Let the chaos begin!
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Where I stayed
My new home
Many had prepared me for the chaotic experience that awaits me at Delhi airport. I expected people to be yelling at me if i needed taxi or touching my belongings in order to help me for a small fee
The journey to Tiger Camp, on the outskirts of Corbett Reserve, was supposed to take 6 hours - I think it may have taken more like 7-8. My driver hardly spoke English - not that we would have been able to converse due to the constant, constant tooting. During my time spent in the car i figured out that the tooting on the most part is for people passing and waiting to pass to let the vehicle in question know. Strange as I'm pretty sure that is what indicators and mirrors are for in New Zealand!
The bustle along the road is immense. Picture huge lorries carrying people or testing fate with overloaded goods, hundreds of motorcycles (Honda does well here) and people in cars such as I was, making nodding off for a kip impossible. Everyone narrowly misses each other and there was some suspicious veering to the sides - i swear my driver was catching a few cheeky winks!
Our lunchstop would be the first of many cultural 'realizations' shall we say.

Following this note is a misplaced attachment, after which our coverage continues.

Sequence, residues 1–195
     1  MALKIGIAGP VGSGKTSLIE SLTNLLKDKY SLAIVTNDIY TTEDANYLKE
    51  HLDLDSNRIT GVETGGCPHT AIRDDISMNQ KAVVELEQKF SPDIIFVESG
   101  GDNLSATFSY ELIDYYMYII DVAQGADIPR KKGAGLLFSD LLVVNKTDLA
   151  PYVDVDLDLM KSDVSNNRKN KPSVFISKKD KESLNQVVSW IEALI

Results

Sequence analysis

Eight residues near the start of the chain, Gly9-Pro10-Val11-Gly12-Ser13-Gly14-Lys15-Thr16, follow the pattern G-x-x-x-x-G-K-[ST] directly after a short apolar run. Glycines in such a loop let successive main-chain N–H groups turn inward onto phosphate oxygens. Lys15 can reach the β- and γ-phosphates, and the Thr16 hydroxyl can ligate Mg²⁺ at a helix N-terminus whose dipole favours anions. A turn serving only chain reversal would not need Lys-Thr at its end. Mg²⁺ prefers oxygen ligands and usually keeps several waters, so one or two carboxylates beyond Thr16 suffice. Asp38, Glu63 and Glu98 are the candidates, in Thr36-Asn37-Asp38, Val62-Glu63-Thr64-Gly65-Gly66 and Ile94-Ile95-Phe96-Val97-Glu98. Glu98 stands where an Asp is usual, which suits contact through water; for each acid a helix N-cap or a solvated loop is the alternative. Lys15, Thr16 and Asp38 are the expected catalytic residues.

The journey continues and when we pull up to a stop due to an oncoming train my driver gets out for a wander. Maybe he is off to be one of the many men i have seen peeing on the side of the road or on the street. I see stray dogs, piles of rubbish, cows roaming free and men fixing motorcycles in their tiny street stalls. Men sit in groups in the shade and seem deep in discussion. I can't help but think what all the villagers do - especially battling the heat. As we wait for the train to go by, 2 boys, 3 then 4 until about 10 young curious boys are outside my window. They're trying to sell me peeled cucumbers - its very disarming the way they smile and joke - although i cant understand this language. A wave goodbye is all they get from me and we continue on.
I drop in and out of dozing until I realise the sun has set, which means people driving along with their headlights on full..not ideal when the roads are pretty basic and its hard enough normally to cope with that!We draw closer as more and more tourist buses and lodges crop up
Where I am staying, is a homestay with a lovely Indian family who have two rooms a bathroom and office above their place near Tiger Camp. I feel very safe and welcome, not to mention the food and clean living facilities. I think i will be very comfortable here indeed.